|Publication number||US4954320 A|
|Application number||US 07/401,199|
|Publication date||Sep 4, 1990|
|Filing date||Aug 31, 1989|
|Priority date||Apr 22, 1988|
|Also published as||CA2021692A1, CA2021692C, WO1991003315A1|
|Publication number||07401199, 401199, US 4954320 A, US 4954320A, US-A-4954320, US4954320 A, US4954320A|
|Inventors||Joseph G. Birmingham, Robert R. Moore|
|Original Assignee||The United States Of America As Represented By The Secretary Of The Army|
|Export Citation||BiBTeX, EndNote, RefMan|
|Patent Citations (3), Referenced by (167), Classifications (13), Legal Events (6)|
|External Links: USPTO, USPTO Assignment, Espacenet|
The invention described herin may be made, used or licensed by or for the Government for governmental purposes without the payment to us of any royalties thereon.
This application is a continuation-in-part of application Ser. No. 184,848 now abandoned, filed Apr. 22, 1988, which entire application and file wrapper thereof is hereby incorporated by reference herein, as thought fully set forth at length.
The removal of toxic vapors from flowing air streams has relied upon adsorption, absorption, photoionization, catalysis, or incineration. To date, charcoal adsorption has been the proven technology for ambient temperature purification of contaminated air streams, while incineration has been the proven technology for high temperature purification of contaminated air streams. However, charcoal filters suffer from a short lifetime, limited adsorptive capacity for toxic compounds, desorption of toxic compounds from the filter, and selectivity for only certain classes of compounds. Additionally, a charcoal filter must be used in conjunction with a particulate filter to collect toxic aerosols. Particulate filters also have a limited lifetime resulting from clogging which restricts air flow. Catalytic technology applicable to broad chemicl processing such as air purification requires high temperatures to achieve efficient decomposition and is subject to poisoning. Many devices such as incinerators, infrated reactors, catalytic reactors, and thermal equilibrium plasma devices especially direct current arcs, rely on thermal energy to induce chemical reactions. All of the exposed surfaces and the air stream must be raised to a high equilibruim temperature by the transfer of thermal energy. Chemical reactions are promoted when sufficient thermal energy forces the atoms and molecules to `collide`.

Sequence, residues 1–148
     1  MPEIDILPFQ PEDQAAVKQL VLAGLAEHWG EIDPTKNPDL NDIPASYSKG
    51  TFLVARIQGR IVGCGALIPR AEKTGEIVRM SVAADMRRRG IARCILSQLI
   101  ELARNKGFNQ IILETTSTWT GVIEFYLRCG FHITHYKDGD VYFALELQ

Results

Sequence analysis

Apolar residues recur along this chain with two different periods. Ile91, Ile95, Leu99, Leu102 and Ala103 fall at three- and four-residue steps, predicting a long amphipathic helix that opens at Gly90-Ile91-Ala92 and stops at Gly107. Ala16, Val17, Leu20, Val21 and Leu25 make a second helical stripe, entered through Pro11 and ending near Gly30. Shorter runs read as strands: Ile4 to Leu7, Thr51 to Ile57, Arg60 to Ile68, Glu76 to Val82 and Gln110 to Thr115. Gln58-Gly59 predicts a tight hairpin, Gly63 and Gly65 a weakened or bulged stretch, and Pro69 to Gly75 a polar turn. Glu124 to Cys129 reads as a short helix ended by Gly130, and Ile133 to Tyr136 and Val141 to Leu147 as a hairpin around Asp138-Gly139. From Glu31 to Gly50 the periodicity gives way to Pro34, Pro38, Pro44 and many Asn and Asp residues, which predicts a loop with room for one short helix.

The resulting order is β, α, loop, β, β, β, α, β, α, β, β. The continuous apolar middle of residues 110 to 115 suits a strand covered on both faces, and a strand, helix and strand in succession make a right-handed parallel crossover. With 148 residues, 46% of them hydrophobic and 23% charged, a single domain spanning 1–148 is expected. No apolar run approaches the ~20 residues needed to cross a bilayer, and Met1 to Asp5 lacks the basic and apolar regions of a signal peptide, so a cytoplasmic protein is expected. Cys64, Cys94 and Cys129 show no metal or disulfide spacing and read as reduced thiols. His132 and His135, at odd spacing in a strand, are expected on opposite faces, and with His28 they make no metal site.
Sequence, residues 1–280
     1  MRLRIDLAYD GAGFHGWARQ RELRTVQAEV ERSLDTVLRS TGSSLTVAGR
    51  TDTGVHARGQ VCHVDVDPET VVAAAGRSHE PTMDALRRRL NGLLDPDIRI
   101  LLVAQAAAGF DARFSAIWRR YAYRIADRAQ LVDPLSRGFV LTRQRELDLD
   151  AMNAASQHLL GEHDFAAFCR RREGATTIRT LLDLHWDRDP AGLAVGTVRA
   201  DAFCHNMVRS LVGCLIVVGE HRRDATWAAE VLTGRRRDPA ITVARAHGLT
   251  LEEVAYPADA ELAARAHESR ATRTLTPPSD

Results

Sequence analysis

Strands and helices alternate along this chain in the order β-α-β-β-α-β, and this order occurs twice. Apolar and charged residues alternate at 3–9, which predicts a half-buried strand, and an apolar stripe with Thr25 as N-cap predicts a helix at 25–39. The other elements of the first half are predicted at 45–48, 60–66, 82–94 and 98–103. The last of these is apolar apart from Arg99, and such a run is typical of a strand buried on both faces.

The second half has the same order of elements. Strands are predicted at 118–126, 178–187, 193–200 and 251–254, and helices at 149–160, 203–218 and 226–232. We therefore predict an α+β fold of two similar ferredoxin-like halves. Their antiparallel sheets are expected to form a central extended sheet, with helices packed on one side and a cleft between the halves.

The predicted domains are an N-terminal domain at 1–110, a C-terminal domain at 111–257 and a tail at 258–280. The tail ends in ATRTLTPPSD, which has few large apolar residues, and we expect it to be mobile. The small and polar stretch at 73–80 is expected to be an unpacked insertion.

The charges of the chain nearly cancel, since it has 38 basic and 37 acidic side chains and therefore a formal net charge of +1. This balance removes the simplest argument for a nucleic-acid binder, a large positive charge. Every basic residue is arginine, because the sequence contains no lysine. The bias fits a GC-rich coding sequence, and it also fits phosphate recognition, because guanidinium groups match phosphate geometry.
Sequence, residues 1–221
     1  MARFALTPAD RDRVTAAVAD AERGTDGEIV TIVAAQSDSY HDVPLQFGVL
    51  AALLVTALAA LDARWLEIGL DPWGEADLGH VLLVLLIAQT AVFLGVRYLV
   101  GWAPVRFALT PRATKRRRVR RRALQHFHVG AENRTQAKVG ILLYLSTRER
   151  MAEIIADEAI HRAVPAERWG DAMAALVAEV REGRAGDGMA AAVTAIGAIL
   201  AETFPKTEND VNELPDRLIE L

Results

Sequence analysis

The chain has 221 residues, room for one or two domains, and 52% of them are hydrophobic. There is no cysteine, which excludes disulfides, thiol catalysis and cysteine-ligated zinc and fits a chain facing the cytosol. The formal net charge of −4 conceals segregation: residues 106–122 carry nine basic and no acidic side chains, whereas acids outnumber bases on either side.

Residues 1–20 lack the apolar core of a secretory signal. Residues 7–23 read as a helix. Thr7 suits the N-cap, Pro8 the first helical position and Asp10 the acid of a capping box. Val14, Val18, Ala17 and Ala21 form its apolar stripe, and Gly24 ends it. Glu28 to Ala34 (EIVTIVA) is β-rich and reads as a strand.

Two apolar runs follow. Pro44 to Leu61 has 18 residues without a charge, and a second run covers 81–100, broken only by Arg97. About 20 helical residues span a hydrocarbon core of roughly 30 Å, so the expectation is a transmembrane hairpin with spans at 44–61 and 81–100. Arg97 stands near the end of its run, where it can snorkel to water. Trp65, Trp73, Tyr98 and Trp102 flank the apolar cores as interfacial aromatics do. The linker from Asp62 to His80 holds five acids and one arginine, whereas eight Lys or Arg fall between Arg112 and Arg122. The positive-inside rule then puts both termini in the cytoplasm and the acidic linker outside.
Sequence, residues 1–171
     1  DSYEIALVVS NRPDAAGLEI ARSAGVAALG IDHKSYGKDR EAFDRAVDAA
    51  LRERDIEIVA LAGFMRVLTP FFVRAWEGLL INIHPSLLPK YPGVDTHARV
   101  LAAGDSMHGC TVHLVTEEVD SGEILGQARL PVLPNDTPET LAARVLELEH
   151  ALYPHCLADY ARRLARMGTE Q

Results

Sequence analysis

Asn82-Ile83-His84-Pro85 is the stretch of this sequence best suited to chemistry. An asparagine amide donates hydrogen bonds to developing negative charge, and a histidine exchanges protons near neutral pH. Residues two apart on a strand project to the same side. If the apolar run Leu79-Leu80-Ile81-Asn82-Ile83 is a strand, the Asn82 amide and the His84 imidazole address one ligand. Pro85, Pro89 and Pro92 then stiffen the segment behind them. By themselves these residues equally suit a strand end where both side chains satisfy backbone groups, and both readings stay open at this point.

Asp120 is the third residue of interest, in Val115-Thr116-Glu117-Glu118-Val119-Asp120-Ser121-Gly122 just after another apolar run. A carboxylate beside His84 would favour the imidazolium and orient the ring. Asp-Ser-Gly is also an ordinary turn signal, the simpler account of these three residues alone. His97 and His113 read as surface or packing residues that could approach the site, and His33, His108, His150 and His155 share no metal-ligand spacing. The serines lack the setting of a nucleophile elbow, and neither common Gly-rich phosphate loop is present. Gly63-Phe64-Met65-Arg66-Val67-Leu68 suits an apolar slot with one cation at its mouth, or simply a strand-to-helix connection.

J. M. Henis (U.S. Pat. No. 3,983,021) discloses a packed electrical discharge device for decomposing nitrogenous oxides (NOx) in a gas stream composed predominantly of nitrogen. The chemical conversion efficiency of the process is low. This device would not be useful as a plasma air purification system because as the oxygen concentration is increased to levels found in breathable air, the plasma-formed by-products such as O3 increase to toxic levels in the reactor effluent. R. McNabney (U.S. Pat. No. 3,734,846) utilizes a fluidized bed silent electrical discharge for the conversion of oxygen to ozone. Similarly, Heinemann (U.S. Pat. No. 4,774,062) improves the power efficiency of a conventional ozonizer by reducing the thickness of the dielectric barriers on the electrodes. It should be mentioned that the gas phase decomposition does not occur rapidly with ozone as the oxidant. Therefore, any ozone generating corona discharge will not efficiently decompose toxic material. These devices suffer low chemical conversion efficientcies because of their low activity plasmas. Their requirement for dielectric barriers at the electrodes of these devices severely limits the power density of the plasmas generated. In addition, these low activity plasmas generate high concentrations of toxic by-products (especially ozone) when used to process air.
Several devices will resistively heat a catalytic mass (J. Koetschet, U.S. Pat. No. 1,400,959), or dielectrically heat with high frequency (Van Der Lande, U.S. Pat. No. 2,163,898) but these systems eventually poison and lose their functionality. Some authors have used photoactivation of catalysts (Mitscherling, U.S. Pat. No. 2,003,303) to accomplish chemical processing. Catalytic technology applicable to broad chemical processing applications requires high temperatures to achieve efficient decomposition. It should be noted that the usable lives of systems using conventional adsorbent and catalyst technologies are severly limited by saturation or poisoning. An important distinction between adsorbent-based or catalyst-based air purification systems and plasma systems is that air processed in adsorbent or catalyst systems does not yield the characteristic plasma air by-products such as nitrogenous oxides and ozone.